1.5. Lastly, we are just becoming aware of the implications of climate change and the very real possibility of environmental refugees.
2. Informed by the principles of Catholic Social Teaching
I would like now to suggest that our pastoral and prophetic mission to, for and with migrants is shaped and informed by six key principles of Catholic Social Teaching, principles that are shared by many people.
2.1 First, the principle of human dignity: At the heart of Catholic Social Teaching is the principle that every human being is created in the image of God and redeemed by Jesus Christ, and is therefore invaluable and worthy of respect as a member of the human family. This fundamental principle shapes our ministry with migrants, forced or unforced, documented or undocumented. A migrant’s legal status is quite separate from his or her human dignity. A human being’s worth is defined and determined by their God-given dignity, not by the papers they do or do not carry.
2.2 Secondly, the principle of association and especially the right to have a family, to be a family and to live as a family: A family does not cease to be a family because one of its members lives overseas. The universal Declaration of Human Rights (16.3) recognises the family as ‘the natural and fundamental group unit of society entitled to protection by society and the State.’ Recognising and re-uniting families is therefore very important.
2.3 Third, the principle of participation and equality: Human beings have a right to participate in society and have access to the economic, social and cultural networks that are necessary for human flourishing. This principle inspires and shapes our advocacy work, especially as migrants and those seeking sanctuary find themselves excluded from or have great difficulty in gaining access to the institutions and agencies that provide education, healthcare and housing – all basic human rights.
2.4 Fourth, the principle of preferential protection of the poor and the vulnerable: In line with the story of the Last Judgement in Matthew 25, our Catholic tradition exhorts us to stress the needs of the poor and the vulnerable. In the years after Vatican II, the Synods of the Church and Conferences of bishops, especially CELAM (Latin American Episcopal Conference), began to spell out the Church’s special responsibility for the poor, stressing that the Church is always called both to a ministry of charity and a ministry of justice. Migrants are amongst the most vulnerable and exploited people in our world today.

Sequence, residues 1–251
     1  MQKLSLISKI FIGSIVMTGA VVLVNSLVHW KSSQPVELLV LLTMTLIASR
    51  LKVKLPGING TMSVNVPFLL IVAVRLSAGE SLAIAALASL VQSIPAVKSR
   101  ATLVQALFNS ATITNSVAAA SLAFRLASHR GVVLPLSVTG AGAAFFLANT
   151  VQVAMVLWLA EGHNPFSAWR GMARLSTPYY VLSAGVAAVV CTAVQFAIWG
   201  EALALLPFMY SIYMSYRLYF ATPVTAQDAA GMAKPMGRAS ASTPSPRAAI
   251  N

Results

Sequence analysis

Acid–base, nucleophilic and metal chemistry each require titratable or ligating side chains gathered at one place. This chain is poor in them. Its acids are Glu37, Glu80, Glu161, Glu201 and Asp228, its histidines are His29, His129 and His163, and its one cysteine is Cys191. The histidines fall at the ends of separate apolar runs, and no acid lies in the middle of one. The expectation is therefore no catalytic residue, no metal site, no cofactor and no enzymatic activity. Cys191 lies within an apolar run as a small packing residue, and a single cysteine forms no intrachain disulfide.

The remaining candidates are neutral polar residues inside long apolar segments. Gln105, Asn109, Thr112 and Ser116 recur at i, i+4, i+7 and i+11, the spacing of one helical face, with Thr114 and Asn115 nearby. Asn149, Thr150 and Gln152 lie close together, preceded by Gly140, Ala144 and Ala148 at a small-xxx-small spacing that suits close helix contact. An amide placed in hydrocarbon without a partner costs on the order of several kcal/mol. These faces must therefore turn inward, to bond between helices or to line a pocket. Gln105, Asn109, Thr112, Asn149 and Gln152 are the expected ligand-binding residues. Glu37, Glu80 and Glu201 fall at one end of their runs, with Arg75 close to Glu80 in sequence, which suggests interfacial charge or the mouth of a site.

2.5 Fifth, the principle of the common good: This principle presupposes the dignity of every person but also stresses the importance of the social conditions necessary for people to realise their full potential with dignity. These social conditions include ‘respect for persons’, the ‘social well being and development of the group’ and the ‘maintenance of peace, harmony and security’. This principle invites us to reflect on what it means to live in communion with others and to spell out what we mean by and how we can facilitate ‘social cohesion’, ‘integration’, ‘intercultural relationships’ and ‘intercultural understanding’.
2.6 Sixth, the principles of solidarity and subsidiarity: The principle of solidarity constantly reminds us that we are one human family and that as human beings we are interdependent and rely on each other for all kinds of needs. Migration today is a global phenomenon that necessitates cooperation and collaboration. Our ministry to and for migrants necessarily involves working with others: with migrants and migrant associations, with governments and political parties, with trade unions and business groups. Subsidiarity on the other hand reminds us of the responsibilities and limits of government – local, national and international – and respects the natural groupings that form in communities. The principle of subsidiarity helps us to distinguish between the State, society and the community but also calls us to work with and engage with government, with society groups and community groups. For many of our migrant communities, the community or village group is very important.